Doris, love having you share your insights with us. Before we ask you more questions, maybe you can take a moment to introduce yourself to our readers who might have missed our earlier conversations?
I’m primarily a figurative artist. My work is representational and is directly tied to my experience as a woman. Most of my work stems from the idea of domesticity; the home and society’s idea of a woman’s place in the home. My parents immigrated from Germany and the women in my family were very proud of being homemakers even if they worked outside the home. Everything had to be clean, beautiful, and orderly. Food had to be homemade and delicious. The home was a reflection of you. Even though my mother dreamed of me having a career and being independent, I still received a very mixed message. It was the time of women being told they could” bring home the bacon, fry it up in the pan, and never let [their husband] forget he’s a man.” I create sculptures and paintings that deal with these gender issues. My work references patterns of historical ceramics, wallpapers, and textiles and I incorporate traditional “women’s work” like embroidery and sewing into my ceramic sculptures. I often use sewing patterns to cut my clay slabs and create my sculptures. Garments such as dresses and underwear represent the female subject in my work, though I’ve begun incorporating the figure more in my paintings and prints. I try to balance making art that attracts the viewer aesthetically but also invites a conversation about the status quo, leaning in to the crafts women are “supposed” to pursue while addressing why that idea even exists.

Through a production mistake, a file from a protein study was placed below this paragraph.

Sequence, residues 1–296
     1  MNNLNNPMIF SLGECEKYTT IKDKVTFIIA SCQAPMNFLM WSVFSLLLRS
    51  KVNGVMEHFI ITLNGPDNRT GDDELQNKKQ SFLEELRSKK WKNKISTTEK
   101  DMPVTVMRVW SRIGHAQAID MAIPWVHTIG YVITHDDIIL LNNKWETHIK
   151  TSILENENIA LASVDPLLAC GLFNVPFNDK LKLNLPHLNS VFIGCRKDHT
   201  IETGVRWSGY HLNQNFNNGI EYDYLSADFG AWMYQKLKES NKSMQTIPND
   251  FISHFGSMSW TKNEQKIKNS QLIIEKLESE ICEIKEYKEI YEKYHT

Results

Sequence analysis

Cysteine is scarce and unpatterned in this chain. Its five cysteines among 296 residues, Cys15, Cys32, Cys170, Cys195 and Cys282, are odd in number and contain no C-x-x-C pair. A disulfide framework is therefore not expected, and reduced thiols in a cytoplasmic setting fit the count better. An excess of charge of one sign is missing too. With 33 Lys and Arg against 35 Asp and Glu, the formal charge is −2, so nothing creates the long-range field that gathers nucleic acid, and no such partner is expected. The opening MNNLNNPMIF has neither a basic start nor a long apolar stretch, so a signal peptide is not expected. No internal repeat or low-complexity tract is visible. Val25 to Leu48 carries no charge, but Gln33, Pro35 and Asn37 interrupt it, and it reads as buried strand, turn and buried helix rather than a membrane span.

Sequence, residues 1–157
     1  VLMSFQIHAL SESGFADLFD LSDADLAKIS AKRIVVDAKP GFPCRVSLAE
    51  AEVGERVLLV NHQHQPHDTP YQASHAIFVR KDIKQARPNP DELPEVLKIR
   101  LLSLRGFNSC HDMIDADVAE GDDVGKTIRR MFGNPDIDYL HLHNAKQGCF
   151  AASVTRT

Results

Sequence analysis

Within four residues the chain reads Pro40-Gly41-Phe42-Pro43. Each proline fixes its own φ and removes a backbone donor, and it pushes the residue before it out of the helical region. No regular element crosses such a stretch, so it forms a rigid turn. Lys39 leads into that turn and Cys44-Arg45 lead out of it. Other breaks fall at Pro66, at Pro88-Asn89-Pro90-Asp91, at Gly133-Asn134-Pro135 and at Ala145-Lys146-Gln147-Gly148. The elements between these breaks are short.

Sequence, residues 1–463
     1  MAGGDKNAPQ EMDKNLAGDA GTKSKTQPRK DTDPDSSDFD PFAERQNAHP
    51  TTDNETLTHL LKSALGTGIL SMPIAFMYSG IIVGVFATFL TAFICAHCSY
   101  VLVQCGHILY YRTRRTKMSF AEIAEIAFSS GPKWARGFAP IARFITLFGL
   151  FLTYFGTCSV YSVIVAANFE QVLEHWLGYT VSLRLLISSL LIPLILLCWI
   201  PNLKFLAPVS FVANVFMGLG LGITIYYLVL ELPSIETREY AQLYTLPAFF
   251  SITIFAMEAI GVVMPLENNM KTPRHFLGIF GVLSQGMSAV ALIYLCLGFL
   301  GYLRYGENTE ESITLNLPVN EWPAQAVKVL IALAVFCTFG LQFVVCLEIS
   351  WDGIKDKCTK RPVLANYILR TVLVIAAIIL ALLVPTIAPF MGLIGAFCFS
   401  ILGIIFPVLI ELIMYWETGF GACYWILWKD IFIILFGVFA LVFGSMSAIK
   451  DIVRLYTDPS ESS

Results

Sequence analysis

I try to keep pushing my practice, my concepts, and my skills further. I work in several mediums but the work continues to have a conversation with itself, and circle back to the main ideas. I’m driven by my need to see the work come to fruition first and foremost. Having that work resonate with a viewer so much that they purchase it for their home is just an amazing experience, validating that maybe that piece did need to exist.